Photo shows one of the classrooms in SMK Chung Hua Miri, where the seating layout has been rearranged to be in compliance with the MoH SOPs.
KUCHING: The Association of the Boards of Management of Aided Chinese Primary Schools in Kuching, Samarahan and Serian Divisions is appealing to the Ministry of Education to temporary halt all outdoor and extracurricular activities in schools, in view of the rising number of Covid-19 cases in the country.
Although the Covid-19 situation in the state seems to be under control, the association’s president Jonathan Chai remarked that the state should not be complacent towards the risks posed by the virus.
“We should never take things for granted and everyone must play their part by strictly observing the Standard Operating Procedures (SOP) put in place and we should not have a lackadaisical attitude in dealing with such a deadly virus,” Chai told The Borneo Post.
When asked whether schools should be closed due to the latest Covid-19 outbreak in the country, Chai said they will adhere to whatever decisions made by the Ministries of Education and Health.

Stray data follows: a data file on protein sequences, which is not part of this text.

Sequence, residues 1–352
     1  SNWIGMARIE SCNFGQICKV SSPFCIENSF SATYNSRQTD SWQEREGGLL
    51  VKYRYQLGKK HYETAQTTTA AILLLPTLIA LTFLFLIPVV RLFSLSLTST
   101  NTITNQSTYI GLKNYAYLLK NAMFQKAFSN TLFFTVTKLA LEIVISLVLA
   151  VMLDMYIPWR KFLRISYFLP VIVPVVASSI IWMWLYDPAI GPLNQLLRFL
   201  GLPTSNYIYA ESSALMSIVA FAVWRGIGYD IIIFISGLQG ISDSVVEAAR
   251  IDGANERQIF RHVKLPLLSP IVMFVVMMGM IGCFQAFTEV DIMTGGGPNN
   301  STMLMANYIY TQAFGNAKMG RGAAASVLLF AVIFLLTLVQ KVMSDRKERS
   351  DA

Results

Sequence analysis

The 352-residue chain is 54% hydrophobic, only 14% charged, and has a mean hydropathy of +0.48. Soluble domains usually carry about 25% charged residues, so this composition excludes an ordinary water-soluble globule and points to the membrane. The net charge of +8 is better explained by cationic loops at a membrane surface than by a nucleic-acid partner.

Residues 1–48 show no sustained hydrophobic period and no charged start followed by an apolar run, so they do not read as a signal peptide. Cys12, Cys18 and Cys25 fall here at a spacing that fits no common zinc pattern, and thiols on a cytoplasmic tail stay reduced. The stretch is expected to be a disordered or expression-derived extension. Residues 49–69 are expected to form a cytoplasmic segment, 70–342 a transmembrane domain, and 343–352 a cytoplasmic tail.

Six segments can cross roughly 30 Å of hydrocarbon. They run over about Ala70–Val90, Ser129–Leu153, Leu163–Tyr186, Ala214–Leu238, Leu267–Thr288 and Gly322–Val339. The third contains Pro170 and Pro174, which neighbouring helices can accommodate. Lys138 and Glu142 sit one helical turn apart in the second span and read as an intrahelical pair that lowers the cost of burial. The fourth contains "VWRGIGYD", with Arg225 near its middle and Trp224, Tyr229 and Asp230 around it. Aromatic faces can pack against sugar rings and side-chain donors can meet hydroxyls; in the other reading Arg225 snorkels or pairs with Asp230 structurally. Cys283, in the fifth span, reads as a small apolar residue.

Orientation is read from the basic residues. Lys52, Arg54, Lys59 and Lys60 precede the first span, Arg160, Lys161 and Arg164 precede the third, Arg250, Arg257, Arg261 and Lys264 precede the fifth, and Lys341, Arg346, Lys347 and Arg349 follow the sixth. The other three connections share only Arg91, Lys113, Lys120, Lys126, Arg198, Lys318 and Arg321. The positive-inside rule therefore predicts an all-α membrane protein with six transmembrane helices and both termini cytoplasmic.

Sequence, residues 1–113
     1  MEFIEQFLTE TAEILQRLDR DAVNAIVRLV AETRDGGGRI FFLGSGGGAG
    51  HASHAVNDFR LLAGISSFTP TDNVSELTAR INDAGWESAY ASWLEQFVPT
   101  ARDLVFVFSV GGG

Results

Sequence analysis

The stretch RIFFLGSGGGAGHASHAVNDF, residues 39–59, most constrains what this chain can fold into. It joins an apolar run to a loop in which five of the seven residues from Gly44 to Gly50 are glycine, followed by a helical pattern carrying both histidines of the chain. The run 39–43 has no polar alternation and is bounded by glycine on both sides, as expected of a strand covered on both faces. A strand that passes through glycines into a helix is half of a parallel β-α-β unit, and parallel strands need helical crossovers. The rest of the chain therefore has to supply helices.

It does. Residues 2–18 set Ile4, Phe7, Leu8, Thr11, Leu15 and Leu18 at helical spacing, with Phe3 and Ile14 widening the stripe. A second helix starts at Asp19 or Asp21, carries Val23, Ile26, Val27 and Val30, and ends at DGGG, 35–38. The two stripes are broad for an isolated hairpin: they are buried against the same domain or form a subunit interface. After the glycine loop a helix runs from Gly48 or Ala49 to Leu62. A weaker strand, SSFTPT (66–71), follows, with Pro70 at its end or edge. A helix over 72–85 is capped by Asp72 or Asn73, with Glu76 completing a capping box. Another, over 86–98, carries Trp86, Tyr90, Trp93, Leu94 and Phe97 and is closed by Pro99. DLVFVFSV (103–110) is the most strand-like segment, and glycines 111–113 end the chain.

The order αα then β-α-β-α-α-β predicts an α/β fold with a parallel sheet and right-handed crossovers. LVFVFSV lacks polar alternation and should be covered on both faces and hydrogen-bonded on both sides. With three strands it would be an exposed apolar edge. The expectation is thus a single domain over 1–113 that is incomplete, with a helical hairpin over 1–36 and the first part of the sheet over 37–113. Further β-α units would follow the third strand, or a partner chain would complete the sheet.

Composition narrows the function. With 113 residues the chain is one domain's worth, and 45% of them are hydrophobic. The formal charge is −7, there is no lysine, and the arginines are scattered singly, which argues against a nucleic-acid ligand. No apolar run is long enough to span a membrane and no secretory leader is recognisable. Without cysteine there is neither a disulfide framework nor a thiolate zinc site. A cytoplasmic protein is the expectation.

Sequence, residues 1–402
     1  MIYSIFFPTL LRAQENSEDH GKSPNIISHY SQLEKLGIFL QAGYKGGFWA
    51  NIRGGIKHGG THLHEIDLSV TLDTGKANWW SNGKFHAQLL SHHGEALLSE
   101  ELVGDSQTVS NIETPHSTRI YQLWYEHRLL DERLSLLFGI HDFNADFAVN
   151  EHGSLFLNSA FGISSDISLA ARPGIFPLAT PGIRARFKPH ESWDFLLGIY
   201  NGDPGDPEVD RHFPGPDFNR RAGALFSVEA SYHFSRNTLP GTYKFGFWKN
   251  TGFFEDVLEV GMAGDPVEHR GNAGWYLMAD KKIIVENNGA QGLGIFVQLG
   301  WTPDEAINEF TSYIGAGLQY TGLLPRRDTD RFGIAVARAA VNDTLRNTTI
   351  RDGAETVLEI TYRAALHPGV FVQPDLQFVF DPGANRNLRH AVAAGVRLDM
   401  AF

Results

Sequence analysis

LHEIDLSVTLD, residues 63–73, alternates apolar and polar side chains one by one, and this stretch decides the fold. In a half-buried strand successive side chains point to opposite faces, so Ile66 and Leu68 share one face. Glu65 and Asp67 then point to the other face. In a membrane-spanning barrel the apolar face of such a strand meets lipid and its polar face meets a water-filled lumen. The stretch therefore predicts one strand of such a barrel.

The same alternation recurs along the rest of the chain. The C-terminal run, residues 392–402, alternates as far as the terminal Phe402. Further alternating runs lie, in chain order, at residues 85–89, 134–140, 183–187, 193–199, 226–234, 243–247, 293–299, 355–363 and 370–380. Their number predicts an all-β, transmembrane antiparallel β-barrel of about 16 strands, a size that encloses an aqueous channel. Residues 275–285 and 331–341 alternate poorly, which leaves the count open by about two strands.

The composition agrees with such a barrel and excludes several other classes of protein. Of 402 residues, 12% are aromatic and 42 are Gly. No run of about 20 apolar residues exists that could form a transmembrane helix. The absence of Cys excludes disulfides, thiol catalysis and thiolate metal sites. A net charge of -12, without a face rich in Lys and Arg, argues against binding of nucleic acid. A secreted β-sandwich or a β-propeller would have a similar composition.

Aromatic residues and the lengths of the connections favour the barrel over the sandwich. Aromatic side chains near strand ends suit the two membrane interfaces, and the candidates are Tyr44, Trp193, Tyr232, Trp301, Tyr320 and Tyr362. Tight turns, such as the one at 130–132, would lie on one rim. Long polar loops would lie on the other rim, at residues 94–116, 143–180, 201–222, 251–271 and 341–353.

He believed that health experts would consider the potential risks exposed to students if the outbreak of the pandemic could not contain, while stressing the association had always placed students’ safety as top priority.
“If the Ministry of Education decides to allow the classes to continue, then we would do our utmost to take all precautionary measures to minimize the risk of infection of Covid-19 to the students.”
He said it had been the aim of the association to maintain zero Covid-19 infections within schools and to allow parents to be confident in sending their children to school.
“But, of course, parents have the right to decide whether or not to allow their children to attend normal classes in schools.”
However, in the event that schools are instructed to close as a result of the surge in positive Covid-19 cases, Chai said schools would have no choice but to continue with their online teaching method that was implemented in the initial Movement Control Order period.
While teachers and students now are better equipped and more experienced in coping with online learning, Chai lamented that internet connectivity and speed were far less ideal in rural and coastal areas.
“I really hope that we don’t have to come to that stage as the rural students would be left further behind if such modes of teaching are adopted,” said Chai.